Tall Warm Spinach and Beet Salad


Lemongrass Pork Patties with Vietnamese Dipping Sauce

September 13, 2017

By Kath Dedon


Laura emailed me this recipe the other day saying that she and Byron had enjoyed it at least a couple of times. It looked terrific, so I wasted no time before giving it a try.

Lemongrass Pork Patties with Vietnamese Dipping Sauce is an epicurious recipe developed by Kristin Donnelly. It’s really easy to make!

I made it exactly as written except I substituted Swerve sweetener for the sugar. Swerve measures the same as sugar so it’s an easy substitution. Bob and I both declared that this recipe is a winner. I can attest that leftover patties are delicious reheated in a microwave oven, even without the dipping sauce.

Laura said they had made it as is, but they subbed Truvia for the sugar. They also made it into a salad one night. They tore up the lettuce, cut the patties into smaller pieces, and used the dipping sauce for the dressing. I love that idea!

Get the amazing flavors of Vietnamese cuisine in your own kitchen with these Lemongrass Pork Patties with Vietnamese Dipping Sauce! Delicious!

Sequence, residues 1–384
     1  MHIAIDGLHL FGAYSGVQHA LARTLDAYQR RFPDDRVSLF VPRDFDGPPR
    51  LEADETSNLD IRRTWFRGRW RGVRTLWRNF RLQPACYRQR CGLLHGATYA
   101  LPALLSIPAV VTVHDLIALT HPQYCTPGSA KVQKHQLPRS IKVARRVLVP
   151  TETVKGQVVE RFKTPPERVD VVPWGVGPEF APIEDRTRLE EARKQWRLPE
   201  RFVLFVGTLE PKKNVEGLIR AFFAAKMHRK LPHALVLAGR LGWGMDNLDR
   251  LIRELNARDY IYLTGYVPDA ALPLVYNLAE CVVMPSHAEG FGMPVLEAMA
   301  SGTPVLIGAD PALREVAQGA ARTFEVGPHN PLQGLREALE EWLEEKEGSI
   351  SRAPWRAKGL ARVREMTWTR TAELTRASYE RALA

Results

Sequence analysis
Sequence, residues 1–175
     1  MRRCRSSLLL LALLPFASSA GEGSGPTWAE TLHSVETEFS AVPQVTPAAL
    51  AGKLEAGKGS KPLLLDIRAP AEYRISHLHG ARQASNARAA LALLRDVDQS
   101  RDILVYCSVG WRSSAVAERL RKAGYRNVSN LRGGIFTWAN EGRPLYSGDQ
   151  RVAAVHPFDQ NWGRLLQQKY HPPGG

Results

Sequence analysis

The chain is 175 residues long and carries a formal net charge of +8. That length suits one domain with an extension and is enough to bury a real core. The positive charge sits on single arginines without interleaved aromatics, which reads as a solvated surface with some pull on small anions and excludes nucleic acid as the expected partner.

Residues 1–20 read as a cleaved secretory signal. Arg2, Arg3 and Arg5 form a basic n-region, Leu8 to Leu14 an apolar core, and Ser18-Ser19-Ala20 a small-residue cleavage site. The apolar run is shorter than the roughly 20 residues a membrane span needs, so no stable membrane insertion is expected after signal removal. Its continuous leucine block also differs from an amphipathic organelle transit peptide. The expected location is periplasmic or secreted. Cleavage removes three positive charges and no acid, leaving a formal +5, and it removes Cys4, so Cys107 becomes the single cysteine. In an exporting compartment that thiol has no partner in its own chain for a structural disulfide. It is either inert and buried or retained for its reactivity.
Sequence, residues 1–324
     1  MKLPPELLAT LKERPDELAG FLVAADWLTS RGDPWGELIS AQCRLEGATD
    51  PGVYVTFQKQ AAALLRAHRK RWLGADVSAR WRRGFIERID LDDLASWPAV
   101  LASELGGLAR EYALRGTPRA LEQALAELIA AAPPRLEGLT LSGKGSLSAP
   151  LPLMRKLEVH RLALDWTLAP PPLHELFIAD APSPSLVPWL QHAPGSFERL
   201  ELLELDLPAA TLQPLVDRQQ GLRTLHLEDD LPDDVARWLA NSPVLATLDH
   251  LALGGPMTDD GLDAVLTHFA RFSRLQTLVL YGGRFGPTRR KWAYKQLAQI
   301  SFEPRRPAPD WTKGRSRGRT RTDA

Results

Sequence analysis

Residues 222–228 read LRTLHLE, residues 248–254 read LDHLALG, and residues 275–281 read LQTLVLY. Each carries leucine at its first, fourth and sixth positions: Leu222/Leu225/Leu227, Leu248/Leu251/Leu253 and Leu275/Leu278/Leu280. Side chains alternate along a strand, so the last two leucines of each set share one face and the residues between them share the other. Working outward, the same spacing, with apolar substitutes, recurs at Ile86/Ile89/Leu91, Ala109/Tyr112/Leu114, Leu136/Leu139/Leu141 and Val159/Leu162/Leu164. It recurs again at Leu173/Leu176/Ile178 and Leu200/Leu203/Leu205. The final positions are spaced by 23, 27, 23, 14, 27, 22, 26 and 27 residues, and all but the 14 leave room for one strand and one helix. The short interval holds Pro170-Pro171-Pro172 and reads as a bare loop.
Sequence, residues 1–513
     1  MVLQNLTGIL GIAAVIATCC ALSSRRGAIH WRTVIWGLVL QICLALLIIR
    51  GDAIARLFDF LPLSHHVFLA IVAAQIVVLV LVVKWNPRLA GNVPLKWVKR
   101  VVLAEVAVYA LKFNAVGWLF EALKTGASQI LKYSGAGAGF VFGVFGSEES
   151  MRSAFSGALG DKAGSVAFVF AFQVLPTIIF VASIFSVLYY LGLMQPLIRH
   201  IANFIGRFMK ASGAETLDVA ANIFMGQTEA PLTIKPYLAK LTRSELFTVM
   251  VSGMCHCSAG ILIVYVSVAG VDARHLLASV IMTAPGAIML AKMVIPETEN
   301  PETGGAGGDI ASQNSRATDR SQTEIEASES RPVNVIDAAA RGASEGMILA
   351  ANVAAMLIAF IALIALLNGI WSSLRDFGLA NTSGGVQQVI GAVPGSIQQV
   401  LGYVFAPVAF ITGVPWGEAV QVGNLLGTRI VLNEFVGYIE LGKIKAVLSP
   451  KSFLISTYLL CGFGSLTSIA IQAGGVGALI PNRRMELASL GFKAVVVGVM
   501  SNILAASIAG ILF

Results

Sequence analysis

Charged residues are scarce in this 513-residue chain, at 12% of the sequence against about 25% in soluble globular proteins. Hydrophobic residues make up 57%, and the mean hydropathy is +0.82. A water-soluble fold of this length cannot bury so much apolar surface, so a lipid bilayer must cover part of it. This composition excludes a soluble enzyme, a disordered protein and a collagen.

Wrap a pork patty in a lettuce leaf and dip in the sauce!

Lemongrass Pork Patties with Vietnamese Dipping Sauce


Lemongrass Pork Patties with Vietnamese Dipping Sauce

(Adapted from an recipe by Kristin Donnelly)


(print the recipe)


Serves 3 – 4 (3 patties were enough for me; Bob was happy with 4)


To me the patties were just a wee bit salty. If you are salt-sensitive, you might want to reduce the kosher salt a bit, but use all of the fish sauce. It’s an important ingredient in Vietnamese cooking and it adds “umami” to the dish. You can substitute Swerve or Truvia for the sugar.


For the patties

1 pound ground pork

3 large cloves garlic, minced (about 2 tablespoons0

¼ cup thinly sliced green onions (3-4 onions)

1 stalk lemongrass, tough outer layers removed, lower 6 inches of tender bulb finely chopped

1 tablespoon finely chopped fresh ginger

1½ teaspoons fish sauce

1½ teaspoons sugar (or Swerve or Truvia)

½ teaspoon freshly ground black pepper

¾ teaspoon kosher salt (don’t use ¾ tsp table salt; substitute ½ tsp.)


For serving

12 lettuce leaves, like Boston or iceberg

Herb sprigs, such as mint, cilantro and Thai basil (optional, I didn’t use)



  1. Put everything for the patties, except the pork, in a bowl and stir.

Ready to mix with pork.jpg


2. Add the ground pork and mix until well combined. Form the pork into 12 patties (about ¾-inch thick) and put them on a plate or, as I did, on a small foil-lined baking sheet.

3. Refrigerate for at least 30 minutes, until firm.

Ready to grill


4. Preheat a grill for 10 minutes. (You know your grill; grease the grill grate if you usually need to do that. I don’t find it necessary with my grill.)